Building complex

The Woodford Academy shows layers of growth from the original two-roomed inn at the east end of the south block to the present footprint.
Original South Wing
The original south wing (i.e., east end) is a symmetrical single storey sandstone building facing south to the Great Western Highway. The gabled roof is clad in galvanised iron (Moorewood & Rogers) tiles and has a brick chimney at the east end. A verandah on the south side is broken back to the main roof and has a beaded verandah plate, stop chamfered columns and a flagged floor. A 6-panel door with bead flush lower panels, fielded top panels and a diagonally divided toplight is at the centre of the wing. It is flanked by 8 over 8 pane double hung windows. The north wall of the original wing has 2 no. 6 over 6 pane double hung windows. Floor is abutted boards (not tongue-and-groove).
West Extension (South Wing)
The west extension of the south wing is an L-shaped gabled wing with a sandstone chimney at the west end. The verandah roofline is an extension of the original verandah but is skillioned. The galvanised iron (Moorewood & Rogers) tile roof is also used on this extension and has boxed eaves. A pair of french doors with bead flush lower panel and a toplight open to the east end of the verandah. A pair of 2 panelled doors with a toplight are off centre in the south wall opening to the verandah. 6 over 6 pane double hung windows with 3 pane toplights are also in this wall.A 4-panel door opens from the east side of the west leg of the wing. 6 over 6 pane double hung windows are in the north and south gabled wails with 4 over 6 pane double hung windows built to imitate casements, in the gable above. The windows in the south wall are shuttered. The west wall of the wing has 6 over 6 pane double hung windows. 2 no. hipped roof bay form dormers are in the west roof slope and have double hung windows detailed to look like casements. The sandstone verandah flagging extends around the wing.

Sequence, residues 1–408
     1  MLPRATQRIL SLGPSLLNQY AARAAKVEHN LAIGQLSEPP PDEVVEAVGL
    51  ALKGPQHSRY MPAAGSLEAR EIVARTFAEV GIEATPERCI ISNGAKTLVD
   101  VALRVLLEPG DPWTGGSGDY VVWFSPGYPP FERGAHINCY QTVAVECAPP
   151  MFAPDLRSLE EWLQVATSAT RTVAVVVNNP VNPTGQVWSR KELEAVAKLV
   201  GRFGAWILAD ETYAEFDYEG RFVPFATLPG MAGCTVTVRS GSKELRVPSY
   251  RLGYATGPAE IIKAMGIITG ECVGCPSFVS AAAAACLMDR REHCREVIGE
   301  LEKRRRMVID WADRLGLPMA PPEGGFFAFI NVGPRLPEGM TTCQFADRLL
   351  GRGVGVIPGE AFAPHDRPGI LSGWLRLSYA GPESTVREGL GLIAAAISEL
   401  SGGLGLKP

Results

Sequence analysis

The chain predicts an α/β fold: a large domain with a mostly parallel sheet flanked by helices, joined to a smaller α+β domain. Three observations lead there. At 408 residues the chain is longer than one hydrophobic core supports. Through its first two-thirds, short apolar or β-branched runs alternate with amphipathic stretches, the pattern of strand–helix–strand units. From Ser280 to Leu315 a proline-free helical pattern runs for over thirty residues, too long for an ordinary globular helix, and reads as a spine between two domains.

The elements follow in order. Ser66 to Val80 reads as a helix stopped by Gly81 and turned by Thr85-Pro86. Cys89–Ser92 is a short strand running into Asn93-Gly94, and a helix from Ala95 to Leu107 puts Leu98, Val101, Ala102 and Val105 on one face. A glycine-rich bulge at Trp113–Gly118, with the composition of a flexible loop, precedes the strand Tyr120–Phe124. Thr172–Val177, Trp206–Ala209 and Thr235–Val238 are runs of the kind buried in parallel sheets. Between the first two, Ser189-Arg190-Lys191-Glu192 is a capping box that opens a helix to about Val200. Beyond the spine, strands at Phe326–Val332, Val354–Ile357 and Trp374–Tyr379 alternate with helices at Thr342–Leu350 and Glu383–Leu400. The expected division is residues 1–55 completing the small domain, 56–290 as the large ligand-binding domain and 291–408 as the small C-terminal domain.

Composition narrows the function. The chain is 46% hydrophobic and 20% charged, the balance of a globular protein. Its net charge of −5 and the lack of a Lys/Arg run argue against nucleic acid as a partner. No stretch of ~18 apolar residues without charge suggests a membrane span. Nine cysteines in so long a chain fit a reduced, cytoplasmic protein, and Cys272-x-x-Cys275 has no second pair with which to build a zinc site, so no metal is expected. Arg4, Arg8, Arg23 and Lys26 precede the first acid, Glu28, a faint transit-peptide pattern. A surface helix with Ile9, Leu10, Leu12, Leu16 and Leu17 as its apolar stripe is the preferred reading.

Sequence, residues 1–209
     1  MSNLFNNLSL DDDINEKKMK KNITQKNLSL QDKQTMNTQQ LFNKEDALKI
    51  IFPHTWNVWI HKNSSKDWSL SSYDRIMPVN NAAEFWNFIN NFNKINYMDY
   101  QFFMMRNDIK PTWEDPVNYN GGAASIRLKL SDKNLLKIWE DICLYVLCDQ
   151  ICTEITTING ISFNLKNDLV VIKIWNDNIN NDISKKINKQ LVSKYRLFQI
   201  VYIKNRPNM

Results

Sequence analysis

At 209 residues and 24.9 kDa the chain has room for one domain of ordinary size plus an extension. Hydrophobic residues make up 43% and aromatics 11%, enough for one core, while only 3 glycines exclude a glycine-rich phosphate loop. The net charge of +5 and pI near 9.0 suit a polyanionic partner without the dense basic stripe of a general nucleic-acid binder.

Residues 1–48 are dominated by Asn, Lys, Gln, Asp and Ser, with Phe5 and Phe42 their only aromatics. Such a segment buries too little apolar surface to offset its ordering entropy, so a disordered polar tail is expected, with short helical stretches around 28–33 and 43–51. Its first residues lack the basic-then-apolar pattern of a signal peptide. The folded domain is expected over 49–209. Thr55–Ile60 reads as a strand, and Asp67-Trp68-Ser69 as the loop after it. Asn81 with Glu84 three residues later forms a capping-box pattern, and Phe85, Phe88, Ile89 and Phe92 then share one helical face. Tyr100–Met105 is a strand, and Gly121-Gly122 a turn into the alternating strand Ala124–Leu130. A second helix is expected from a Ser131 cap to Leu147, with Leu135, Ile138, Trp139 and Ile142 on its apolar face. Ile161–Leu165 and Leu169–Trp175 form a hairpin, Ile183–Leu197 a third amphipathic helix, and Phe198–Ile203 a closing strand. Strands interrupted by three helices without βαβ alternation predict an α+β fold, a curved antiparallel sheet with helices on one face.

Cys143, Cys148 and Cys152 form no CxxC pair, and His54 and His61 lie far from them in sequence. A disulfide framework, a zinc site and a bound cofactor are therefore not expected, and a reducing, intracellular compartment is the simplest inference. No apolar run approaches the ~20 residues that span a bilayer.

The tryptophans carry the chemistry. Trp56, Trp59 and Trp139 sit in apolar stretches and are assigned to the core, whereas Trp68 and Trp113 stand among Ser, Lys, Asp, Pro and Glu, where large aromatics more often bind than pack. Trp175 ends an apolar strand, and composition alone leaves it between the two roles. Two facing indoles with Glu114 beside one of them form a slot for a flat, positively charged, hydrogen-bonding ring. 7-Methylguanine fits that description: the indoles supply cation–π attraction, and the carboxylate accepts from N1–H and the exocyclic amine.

As at 20 June 2013, the property in early 1984 (both site and buildings) were in very poor condition pre repair and conservation works). The buildings were however in very intact state and some repairs had been done to the main building. The Trust's Garden Committee had commenced a preliminary clearing of undergrowth. This site has a very high archaeological significance and potential.The fabric is almost entirely original and of the last century. The Woodford Academy retains the intact layout and significant amounts of furniture and memorabilia of an early 20th century private boarding school typical of the period prior to the introduction of government secondary school education in NSW c. 1911.